Recent developments with regards to disrespecting regulations for the safeguarding of one of our national heritage sites listed on the World Heritage list have evoked major debates and heated discussions in our community in Suriname. The site is closely associated with some of our identified Afro-Surinamese and Indigenous ICH. By submitting an open letter and a petition to the Minister of Education, Science and Culture in Suriname, our NGO pleaded for a negotiable approach from the Government towards the different stakeholders. This case remains to be current and therefore, we would like to request for urgent measures to raise awareness at the local, national, and international levels of the importance of the intangible cultural heritage, for the ensuring of mutual appreciation thereof. Even though the discussions were related to Tangible heritage, it would indirectly affect the safeguarding of ICH associated with this Hence our decision to publicly engage in the ongoing discussions to demand the Government to adhere to the regulations attached to national heritage sites.
  2. We consider the role of the NGOs to be inextricably connected to the existence of the Representative list of ICH and the Urgent safeguarding list for the next 20 years. Therefore, we want to advocate for the NGOs as part of the ICH NGO Forum to be exposed to accessible and for their region’s relevant tools, and even proper technology such as internet connections, so they can actively and efficiently partake in events organized by the forum, but also contribute towards supporting their communities to comply to all measures and requirements in the process of preparing for the nomination of an ICH element to be inscribed on one of the safeguarding lists. Our communities and NGOs suffer from the lack of equipment, manpower, and relevant skills and as such too often we as NGOs miss opportunities to succeed in the promoting and safeguarding of the ICHs that are dear to our communities.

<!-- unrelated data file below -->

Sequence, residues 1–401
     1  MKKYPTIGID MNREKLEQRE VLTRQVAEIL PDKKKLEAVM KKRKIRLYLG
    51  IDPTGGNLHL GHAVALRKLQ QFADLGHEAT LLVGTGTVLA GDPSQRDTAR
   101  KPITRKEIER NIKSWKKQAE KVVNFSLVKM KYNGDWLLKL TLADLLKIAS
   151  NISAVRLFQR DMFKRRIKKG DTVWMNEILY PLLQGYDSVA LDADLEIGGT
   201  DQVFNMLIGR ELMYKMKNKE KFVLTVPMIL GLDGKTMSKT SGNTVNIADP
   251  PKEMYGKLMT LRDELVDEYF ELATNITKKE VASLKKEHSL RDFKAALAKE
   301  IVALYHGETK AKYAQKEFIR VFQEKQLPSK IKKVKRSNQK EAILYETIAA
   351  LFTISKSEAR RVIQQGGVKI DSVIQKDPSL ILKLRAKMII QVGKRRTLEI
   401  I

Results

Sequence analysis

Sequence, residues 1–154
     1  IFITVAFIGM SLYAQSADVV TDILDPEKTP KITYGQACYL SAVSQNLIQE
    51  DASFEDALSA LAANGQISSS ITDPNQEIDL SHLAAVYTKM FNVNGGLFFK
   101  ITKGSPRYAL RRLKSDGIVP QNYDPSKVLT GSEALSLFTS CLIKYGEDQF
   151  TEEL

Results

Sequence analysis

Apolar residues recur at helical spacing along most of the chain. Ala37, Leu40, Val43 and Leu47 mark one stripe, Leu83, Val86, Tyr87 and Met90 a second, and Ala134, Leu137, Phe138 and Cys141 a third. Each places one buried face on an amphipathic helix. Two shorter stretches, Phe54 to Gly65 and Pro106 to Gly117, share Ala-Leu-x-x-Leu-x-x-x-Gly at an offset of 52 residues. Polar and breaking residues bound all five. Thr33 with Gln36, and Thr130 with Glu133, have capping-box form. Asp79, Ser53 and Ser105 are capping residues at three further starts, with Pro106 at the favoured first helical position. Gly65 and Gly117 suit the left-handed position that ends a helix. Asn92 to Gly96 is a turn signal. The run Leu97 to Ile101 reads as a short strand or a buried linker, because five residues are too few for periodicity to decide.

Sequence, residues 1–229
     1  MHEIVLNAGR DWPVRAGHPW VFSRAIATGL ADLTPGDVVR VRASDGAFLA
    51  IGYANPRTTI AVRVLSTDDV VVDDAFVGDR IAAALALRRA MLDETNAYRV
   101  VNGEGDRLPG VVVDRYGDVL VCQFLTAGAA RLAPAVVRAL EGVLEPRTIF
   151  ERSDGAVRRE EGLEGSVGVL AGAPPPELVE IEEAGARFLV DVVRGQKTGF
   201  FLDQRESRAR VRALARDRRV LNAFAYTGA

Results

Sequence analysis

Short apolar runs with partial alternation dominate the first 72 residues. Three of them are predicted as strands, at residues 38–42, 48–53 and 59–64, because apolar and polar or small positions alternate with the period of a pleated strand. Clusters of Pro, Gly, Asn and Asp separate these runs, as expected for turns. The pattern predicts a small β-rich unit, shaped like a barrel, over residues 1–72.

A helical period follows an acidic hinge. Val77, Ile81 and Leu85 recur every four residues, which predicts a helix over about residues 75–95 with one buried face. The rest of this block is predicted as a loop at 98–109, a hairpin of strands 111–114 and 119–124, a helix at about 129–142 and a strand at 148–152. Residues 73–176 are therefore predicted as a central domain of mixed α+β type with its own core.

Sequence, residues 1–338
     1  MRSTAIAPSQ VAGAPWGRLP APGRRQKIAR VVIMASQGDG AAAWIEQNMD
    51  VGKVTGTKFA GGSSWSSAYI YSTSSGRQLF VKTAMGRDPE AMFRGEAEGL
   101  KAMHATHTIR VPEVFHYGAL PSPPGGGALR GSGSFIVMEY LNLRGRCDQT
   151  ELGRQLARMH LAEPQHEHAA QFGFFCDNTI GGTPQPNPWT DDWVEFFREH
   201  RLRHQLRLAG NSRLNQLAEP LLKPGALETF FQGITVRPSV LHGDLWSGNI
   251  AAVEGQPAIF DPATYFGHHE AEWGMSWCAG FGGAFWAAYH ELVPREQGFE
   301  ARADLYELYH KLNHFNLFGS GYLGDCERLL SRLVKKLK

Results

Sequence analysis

Throughout our existence as the only accredited NGO in Suriname we managed to book great successes. Some of our accomplishments include:

  • Written advice provided to our government about the juridical process to have the national inventory established.
  • Written advice provided to our government about the spelling of Sranantongo, the native language of the Afro-Surinamese. Based on the advice the government decided to collaborate with our organization and organized three webinars in 2023 to address the correct spelling of the language. The outcome of the webinars should result in the announcement of a new Spelling national resolution.
  • Through our NAKS Documentation Centre for Afro-Surinamese Culture, we are continuously gathering and digitizing information on 7 cultural elements, i.e. traditional clothing and ornaments; traditional crafting; traditional music-dance-theater-storytelling; traditional religion and rituals; traditional languages; traditional medicine and traditional culinary. All of these ICH are related to our history of slavery and the way in which it has shaped our current identity as a community and the practice of our traditions.
  • We annually (since 2018) present 12 Surinamese national icons, linking them to ICH and invite hundreds of youths to participate in the related exhibitions.
  • Through our NAKS divisions and commissions we regularly, at least monthly, organize theater productions, seminars, conferences, youth activities, youth discussions, community activities, radio- and TV productions. All inspired by the identified ICH of the Afro-Surinamese culture and with the purpose of creating awareness about the value of safeguarding and continuing our ICH.
  • As of last year, 2022, we were offered a section in one of the well-read newspapers in Suriname. We use this space in the newspaper to publish once a month articles about ICH and challenges related to the safeguarding of these.